Book talk: Alexander wolf, real or a spectre?

My first Russian masterpiece! Or at least the first I finish, once upon a time I started reading ‘Lolita’ but I never managed to get through it. The spectre of Alexander Wolf is not typical ‘Russian’ as I always hear people talk about: long, loads of characters with many names and very intense. I’m still gathering the courage to start ‘Anna Karenina’.

However, my boyfriend got this book as a present, read it and gave it to me to read it. He specifically mentioned it’s not like Lolita, or other Russian literature so ‘I would probably like it’. He was right. The story starts in the Russian Civil War with an incident, which haunts the protagonist for the rest of his life. He moves to Paris, but can’t escape his past, especially when he reads a story detailing exactly what happened to him in the civil war, but written from the perspective of his victim.

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Book talk: Hold the thief! She’s got my book

I don’t know how I found this book. Besides from seeing it on the shelves of the bookstore, of course. I saw the announcement for the movie, but it struck me more like a teen story, something more like Lizzy Mcguire or the fault in our Stars. So I didn’t pay it much attention but was somehow intrigued by it. So when I saw it in the bookstore and had a massive coupon, I bought it. And yes, that was an amazing idea.

The book thief is about Liesel, who lives in the fictional town of
Molching, near Munich, Germany. With her foster parents and her neighbors, she’s living an ordinary life during the second world war.

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Overview: Best books from 2018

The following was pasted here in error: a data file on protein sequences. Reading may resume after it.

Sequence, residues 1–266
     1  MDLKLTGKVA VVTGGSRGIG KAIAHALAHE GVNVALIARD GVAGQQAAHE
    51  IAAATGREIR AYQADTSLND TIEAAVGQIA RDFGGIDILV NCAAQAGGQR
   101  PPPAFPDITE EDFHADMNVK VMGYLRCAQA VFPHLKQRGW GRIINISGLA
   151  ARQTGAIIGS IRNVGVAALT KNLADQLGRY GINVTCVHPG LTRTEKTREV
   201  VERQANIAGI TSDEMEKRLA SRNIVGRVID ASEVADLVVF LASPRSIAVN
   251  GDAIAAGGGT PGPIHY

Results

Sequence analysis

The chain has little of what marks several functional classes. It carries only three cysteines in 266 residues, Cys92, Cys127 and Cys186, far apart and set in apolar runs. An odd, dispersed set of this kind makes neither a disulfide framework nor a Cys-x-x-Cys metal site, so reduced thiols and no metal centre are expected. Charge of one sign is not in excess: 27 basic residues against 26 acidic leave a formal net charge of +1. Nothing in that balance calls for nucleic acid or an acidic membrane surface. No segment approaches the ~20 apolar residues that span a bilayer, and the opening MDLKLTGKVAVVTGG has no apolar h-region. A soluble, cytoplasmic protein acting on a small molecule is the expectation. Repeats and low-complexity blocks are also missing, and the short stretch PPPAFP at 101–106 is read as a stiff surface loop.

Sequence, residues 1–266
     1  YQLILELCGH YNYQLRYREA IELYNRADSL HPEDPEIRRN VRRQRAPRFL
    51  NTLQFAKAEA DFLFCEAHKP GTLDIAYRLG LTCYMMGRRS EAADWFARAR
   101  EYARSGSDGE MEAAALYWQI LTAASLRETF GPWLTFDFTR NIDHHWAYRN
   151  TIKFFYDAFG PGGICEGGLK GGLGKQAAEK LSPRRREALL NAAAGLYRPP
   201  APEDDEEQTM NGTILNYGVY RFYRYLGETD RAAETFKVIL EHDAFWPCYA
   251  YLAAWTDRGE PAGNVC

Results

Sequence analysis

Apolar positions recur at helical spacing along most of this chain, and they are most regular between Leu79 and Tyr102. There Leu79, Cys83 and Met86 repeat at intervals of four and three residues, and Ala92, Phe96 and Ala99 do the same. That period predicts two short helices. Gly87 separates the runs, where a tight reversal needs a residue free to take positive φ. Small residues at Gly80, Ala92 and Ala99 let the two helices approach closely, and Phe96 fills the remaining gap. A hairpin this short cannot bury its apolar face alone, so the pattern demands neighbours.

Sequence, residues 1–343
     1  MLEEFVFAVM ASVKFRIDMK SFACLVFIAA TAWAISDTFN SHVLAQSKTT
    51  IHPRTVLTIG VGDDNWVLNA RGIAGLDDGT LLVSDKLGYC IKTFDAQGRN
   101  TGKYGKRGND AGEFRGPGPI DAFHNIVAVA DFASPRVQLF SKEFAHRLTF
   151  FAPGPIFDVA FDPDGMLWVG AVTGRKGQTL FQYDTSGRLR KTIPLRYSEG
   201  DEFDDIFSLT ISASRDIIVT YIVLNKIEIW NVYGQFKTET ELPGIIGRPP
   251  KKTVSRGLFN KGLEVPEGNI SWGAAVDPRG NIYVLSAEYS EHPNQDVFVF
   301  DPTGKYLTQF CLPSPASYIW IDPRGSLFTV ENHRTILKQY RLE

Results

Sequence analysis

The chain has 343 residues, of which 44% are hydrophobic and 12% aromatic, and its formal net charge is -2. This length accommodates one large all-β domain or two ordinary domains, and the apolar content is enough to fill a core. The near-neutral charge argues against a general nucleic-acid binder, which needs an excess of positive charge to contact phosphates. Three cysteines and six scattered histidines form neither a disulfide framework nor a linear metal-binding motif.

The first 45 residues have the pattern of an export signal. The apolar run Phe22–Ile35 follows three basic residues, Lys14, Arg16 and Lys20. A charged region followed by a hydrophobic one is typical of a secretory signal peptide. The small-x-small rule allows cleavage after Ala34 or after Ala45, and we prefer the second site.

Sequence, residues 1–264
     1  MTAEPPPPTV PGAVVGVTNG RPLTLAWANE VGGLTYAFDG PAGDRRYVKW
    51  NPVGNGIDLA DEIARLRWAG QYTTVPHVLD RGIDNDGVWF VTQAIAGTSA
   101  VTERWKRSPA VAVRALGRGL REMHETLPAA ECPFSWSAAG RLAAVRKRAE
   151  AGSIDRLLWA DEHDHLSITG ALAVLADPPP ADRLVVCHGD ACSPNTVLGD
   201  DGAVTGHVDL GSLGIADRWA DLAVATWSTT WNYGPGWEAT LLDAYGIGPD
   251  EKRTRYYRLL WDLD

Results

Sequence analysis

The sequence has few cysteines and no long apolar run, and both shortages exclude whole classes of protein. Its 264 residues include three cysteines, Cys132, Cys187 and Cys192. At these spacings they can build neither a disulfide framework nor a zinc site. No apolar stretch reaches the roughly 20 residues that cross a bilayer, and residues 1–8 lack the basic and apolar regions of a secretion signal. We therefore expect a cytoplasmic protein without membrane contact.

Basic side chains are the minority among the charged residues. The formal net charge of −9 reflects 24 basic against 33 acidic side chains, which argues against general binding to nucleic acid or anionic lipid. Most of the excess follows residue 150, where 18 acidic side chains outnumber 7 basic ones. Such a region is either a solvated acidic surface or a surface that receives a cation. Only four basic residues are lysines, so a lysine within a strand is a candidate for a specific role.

I wanted to do a little overview of the last year and which books really made an impact. I chose five of my favorite books I read last year, which all have different reasons and ways in which they affected me. Some because the writing was just amazing, some because it made me think. It’s a bit late to post an overview, I somehow lost December and didn’t have time to write at all.

So a little late, but HAPPY NEW YEAR. May it bring nothing but good times.

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Booktalk: A world where cats have disappeared…

Where I live (the Netherlands) we have a holiday tradition called Sinterklaas. Nowadays mostly known for the inability of some fanatics to change the racist part of it (black Pete), but when one removes/replaces ‘black’ Pete with just normal Pete or no Pete, Sinterklaas is an actual fun tradition. The story goes like this: Saint Nicholas is a saint from Turkey who lives in Spain. Each year a month before his birthday (the 6th of December) he gathers his helpers, his horse, and his steamboat and floats over to the Netherlands. Here he gives the nice children some  ‘strooigoed‘, chocolate letters and small presents, until the 5th of December when he sent his helper to bring the kids a sack full of presents and they sing songs etc.  Traditionally, the ‘naughty’ kids go with him in a sack to Spain.

When you’re a bit older, and (spoiler alert) you find out Sinterklaas isn’t real, people draw names and make ‘surprises’ for each other. This normally consists of a funny poem makes fun of something you did in the last year, and a gift. Some go all out and make something to emphases the poem as well. This year we celebrated Sinterklaas and my brother got me a book, because I read a lot and because this book is about a world without cats. So the ideal book for me!

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